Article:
Subtitle: Just compensation for staying at home, part two (by F. E. Guerra-Pujol; revised 3/26)
As I mentioned in a previous post, I would apply a “takings” model to the economic shutdown. In other words, any government order requiring non-essential workers to stay at home and non-essential businesses to close down is like a “taking”–a taking of one’s liberty. My argument therefore is that, in exchange for such a drastic restriction of our liberty, the government must provide just compensation to all such “non-essential” persons and firms, including lost wages and lost profits, as the case might be. But this approach to the coronavirus pandemic poses two new practical questions: logistics and how much? That is, how would such a massive payment scheme work in practice, and how much compensation would we actually be entitled to? With regard to the first question (logistics), I shall second an idea by Greg Mankiw (edited by me for clarity):
[The Department of Treasury would] send every [registered taxpayer] a check for X dollars every month [or every week] for the next N months [weeks]. In addition, [the Treasury Dept. would] levy a surtax in 2020 (due in April 2021) equal to N*X*(Y2020/Y2019), where Y2020 is a person’s earnings in 2020 and Y2019 is a person’s earnings in 2019. The surtax would be capped at N*X. Under this plan, a person whose earnings fall to zero this year keeps all of the social insurance payments and does not pay the surtax. A person whose earnings fall by half keeps half of the payments and returns half. A person whose earnings remain the same (or increase) returns everything: They will have just gotten a short-term loan.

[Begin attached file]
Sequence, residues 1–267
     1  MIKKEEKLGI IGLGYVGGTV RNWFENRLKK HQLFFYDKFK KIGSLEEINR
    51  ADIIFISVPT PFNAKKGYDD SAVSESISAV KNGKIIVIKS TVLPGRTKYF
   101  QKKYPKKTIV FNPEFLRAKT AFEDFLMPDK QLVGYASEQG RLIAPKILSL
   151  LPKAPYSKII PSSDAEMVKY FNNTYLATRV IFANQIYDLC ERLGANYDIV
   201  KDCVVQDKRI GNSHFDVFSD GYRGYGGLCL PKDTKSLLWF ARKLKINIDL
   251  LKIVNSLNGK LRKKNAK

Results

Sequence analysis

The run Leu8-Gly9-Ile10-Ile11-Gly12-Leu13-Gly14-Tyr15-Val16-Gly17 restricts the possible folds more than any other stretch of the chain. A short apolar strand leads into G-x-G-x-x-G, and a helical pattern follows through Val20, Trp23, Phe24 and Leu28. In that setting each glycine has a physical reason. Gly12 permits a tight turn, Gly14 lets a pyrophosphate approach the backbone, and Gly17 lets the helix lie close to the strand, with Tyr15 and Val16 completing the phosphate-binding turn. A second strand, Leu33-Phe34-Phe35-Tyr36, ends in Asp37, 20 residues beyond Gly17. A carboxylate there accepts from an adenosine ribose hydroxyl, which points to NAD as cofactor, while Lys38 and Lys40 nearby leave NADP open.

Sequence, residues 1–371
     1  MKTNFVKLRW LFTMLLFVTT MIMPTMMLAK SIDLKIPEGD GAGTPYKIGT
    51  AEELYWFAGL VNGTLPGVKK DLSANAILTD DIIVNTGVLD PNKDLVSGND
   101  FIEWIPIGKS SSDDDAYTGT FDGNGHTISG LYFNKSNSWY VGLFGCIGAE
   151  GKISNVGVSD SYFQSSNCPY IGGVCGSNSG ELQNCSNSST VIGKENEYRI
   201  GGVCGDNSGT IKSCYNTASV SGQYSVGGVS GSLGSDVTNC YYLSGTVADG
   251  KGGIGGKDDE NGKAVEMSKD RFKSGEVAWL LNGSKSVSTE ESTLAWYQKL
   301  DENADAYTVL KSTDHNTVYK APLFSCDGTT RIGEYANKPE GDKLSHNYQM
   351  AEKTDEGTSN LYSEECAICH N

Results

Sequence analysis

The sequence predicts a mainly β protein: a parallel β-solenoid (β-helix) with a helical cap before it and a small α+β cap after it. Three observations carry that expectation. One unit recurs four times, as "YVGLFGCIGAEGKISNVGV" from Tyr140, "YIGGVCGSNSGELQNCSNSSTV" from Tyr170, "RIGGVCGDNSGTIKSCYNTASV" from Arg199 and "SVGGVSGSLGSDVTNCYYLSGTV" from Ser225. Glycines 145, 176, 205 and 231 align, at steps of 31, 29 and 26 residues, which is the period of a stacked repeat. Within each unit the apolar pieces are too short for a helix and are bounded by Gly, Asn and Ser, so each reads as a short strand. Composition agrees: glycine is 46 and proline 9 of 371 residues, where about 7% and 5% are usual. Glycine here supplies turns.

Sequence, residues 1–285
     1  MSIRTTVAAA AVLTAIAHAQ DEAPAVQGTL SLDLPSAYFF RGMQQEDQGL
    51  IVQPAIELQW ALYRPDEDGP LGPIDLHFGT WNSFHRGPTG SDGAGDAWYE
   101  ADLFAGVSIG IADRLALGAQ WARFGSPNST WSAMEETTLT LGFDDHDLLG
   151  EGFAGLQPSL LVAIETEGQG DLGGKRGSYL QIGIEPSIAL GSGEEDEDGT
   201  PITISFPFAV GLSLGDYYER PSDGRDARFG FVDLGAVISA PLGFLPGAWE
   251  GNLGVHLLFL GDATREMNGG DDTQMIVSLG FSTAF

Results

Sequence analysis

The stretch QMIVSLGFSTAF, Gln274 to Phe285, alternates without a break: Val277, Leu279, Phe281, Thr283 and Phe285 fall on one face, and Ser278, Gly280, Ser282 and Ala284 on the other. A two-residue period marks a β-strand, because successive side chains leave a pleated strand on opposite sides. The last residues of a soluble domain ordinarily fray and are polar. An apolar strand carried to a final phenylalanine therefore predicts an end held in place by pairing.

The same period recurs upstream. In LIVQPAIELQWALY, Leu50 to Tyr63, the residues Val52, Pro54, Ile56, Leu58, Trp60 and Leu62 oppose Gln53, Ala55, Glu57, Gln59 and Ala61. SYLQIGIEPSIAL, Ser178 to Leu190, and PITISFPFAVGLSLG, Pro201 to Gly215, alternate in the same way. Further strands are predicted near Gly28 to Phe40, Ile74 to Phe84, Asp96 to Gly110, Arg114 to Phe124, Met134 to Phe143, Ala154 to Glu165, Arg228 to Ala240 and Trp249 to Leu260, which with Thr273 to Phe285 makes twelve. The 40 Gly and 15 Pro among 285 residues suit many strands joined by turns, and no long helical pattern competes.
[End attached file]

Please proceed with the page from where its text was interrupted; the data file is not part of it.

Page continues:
Before proceeding, I want to take exception with Professor Mankiw’s “social insurance” terminology. Use of the term “social insurance” makes his proposal sound like just another costly and counterproductive social welfare program. Under my natural rights or “takings” framework, by contrast, these payments are owed to affected persons and firms as a matter of moral right. To repeat–from a moral or natural rights perspective–every worker who is ordered to stay at home, every business firm who is ordered to close its doors, is entitled as a matter of right to just compensation in exchange for the deprivation of their liberty.
Also, notice that my version of Mankiw’s idea would be limited only to registered taxpayers in order to make the system workable as well as fair at the lowest possible administrative cost (#RichardEpstein). After all, the IRS already has a complete database of the names and addresses of every taxpayer, and persons and proprietorships who don’t even bother to file their tax forms when times are good should not be rewarded for their shirking behavior. But in any case, how much compensation should be paid, i.e. what amount should “X” be in Mankiw’s model? I will address this second question in an upcoming blog post.